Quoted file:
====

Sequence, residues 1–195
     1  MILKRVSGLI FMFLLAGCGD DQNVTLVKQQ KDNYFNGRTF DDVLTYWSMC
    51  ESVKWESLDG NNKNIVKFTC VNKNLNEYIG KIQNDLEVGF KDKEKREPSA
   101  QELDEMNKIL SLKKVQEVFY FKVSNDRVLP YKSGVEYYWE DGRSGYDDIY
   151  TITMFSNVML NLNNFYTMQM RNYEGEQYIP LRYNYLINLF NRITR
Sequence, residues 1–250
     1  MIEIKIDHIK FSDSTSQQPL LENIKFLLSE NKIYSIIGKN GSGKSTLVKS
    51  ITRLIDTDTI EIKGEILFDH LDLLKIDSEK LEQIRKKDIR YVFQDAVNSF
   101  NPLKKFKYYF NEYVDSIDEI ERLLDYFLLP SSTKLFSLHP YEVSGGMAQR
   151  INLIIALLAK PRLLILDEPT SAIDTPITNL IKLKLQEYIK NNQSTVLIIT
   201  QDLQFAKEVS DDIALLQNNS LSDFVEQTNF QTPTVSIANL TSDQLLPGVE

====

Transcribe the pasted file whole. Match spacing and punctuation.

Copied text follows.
Sequence, residues 1–195
     1  MILKRVSGLI FMFLLAGCGD DQNVTLVKQQ KDNYFNGRTF DDVLTYWSMC
    51  ESVKWESLDG NNKNIVKFTC VNKNLNEYIG KIQNDLEVGF KDKEKREPSA
   101  QELDEMNKIL SLKKVQEVFY FKVSNDRVLP YKSGVEYYWE DGRSGYDDIY
   151  TITMFSNVML NLNNFYTMQM RNYEGEQYIP LRYNYLINLF NRITR
Sequence, residues 1–250
     1  MIEIKIDHIK FSDSTSQQPL LENIKFLLSE NKIYSIIGKN GSGKSTLVKS
    51  ITRLIDTDTI EIKGEILFDH LDLLKIDSEK LEQIRKKDIR YVFQDAVNSF
   101  NPLKKFKYYF NEYVDSIDEI ERLLDYFLLP SSTKLFSLHP YEVSGGMAQR
   151  INLIIALLAK PRLLILDEPT SAIDTPITNL IKLKLQEYIK NNQSTVLIIT
   201  QDLQFAKEVS DDIALLQNNS LSDFVEQTNF QTPTVSIANL TSDQLLPGVE